Consent forms: do I give up all my legal rights by signing

consent forms

With the new school year, I'm getting bombarded with parental consent and release forms. While they're required for my child to participate in both regular and extracurricular activities, I'm worried about absolving the people in charge of any responsibility for injuries that may occur. What should I do?

Yes, this is the time of year when there are many forms to be signed, but the issue is not limited to school liability releases, according to attorney Brent Smith.

"I've signed release forms for many different types of activities for my own daughters," he said, noting that parents need to know what they're signing.

"The releases are intended to make liability nonexistent should the child be injured," said Smith. That means if the youngster is hurt while participating in an activity, the provider is not held responsible.

"Courts generally don't like what is called an exculpatory clause that limits or eliminates potential liability when people sign the consent form," Smith said. "They don't like to see people sign away claims for negligence."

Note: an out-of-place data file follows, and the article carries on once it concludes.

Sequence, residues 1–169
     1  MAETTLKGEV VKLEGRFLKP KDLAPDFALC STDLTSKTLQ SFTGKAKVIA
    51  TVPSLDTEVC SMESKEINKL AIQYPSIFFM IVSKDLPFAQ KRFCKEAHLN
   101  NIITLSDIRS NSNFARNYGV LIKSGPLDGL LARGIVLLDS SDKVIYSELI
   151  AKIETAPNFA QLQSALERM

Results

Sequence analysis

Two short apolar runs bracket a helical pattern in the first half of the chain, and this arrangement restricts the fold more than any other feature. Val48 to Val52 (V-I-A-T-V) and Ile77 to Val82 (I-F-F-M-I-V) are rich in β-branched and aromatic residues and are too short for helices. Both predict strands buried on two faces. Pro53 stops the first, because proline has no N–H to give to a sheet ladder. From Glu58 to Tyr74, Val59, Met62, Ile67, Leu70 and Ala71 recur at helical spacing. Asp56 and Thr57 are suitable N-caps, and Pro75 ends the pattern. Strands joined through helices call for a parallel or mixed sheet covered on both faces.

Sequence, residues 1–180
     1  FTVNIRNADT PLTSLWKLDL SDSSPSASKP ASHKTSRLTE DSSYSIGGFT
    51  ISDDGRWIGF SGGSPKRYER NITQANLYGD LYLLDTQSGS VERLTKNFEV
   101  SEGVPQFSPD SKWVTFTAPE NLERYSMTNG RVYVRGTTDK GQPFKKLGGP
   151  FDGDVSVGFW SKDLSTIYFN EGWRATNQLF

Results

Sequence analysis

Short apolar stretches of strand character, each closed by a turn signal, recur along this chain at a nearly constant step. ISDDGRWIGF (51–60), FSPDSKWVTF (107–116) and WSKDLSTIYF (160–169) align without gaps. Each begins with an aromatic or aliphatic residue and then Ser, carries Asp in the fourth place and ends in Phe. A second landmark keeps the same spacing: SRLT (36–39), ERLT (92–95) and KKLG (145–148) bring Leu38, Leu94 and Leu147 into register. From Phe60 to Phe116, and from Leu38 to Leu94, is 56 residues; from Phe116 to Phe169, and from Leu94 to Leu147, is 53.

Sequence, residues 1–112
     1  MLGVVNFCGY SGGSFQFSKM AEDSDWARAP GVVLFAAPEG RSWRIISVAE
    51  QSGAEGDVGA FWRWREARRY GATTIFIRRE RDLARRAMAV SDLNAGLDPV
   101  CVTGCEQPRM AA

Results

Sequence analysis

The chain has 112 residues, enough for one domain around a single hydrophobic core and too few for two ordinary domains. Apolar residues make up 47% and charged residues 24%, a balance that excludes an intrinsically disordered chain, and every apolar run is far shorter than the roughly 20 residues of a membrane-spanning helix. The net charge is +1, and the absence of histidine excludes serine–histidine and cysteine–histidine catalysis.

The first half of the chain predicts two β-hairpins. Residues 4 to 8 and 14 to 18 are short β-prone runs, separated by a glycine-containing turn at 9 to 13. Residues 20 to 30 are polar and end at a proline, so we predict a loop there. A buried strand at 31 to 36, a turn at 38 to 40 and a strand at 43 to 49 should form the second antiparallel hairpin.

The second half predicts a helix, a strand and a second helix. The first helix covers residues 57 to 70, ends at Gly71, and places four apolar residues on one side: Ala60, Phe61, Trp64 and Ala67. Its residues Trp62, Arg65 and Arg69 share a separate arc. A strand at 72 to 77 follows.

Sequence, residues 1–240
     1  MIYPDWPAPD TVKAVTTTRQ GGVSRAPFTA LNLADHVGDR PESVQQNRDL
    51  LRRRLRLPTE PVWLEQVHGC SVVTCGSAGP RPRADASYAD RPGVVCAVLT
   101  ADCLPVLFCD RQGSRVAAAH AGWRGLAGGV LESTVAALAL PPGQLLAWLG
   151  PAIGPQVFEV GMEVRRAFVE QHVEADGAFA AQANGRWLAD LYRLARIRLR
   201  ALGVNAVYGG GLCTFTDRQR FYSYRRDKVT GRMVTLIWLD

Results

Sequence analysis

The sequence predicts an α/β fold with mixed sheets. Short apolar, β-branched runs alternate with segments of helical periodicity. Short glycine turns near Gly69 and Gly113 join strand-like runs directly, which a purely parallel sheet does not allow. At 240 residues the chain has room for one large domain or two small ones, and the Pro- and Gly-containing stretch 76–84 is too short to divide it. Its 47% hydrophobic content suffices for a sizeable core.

Another question the courts will consider is whether a parent can sign away the rights of his or her child under age 18. In Wisconsin, some courts have held that parents cannot, while others have said they can if the release is drafted correctly. One factor the court considers is whether a reasonable person can understand the release's intent.

Whatever the case, it's difficult to predict which way a court will decide. Smith's advice is to make sure you understand the release, and ask questions before you sign. If you have serious concerns, choose another activity for your child.consent forms

For more information about consent forms, contact Brent Smith at 608-784-5678.

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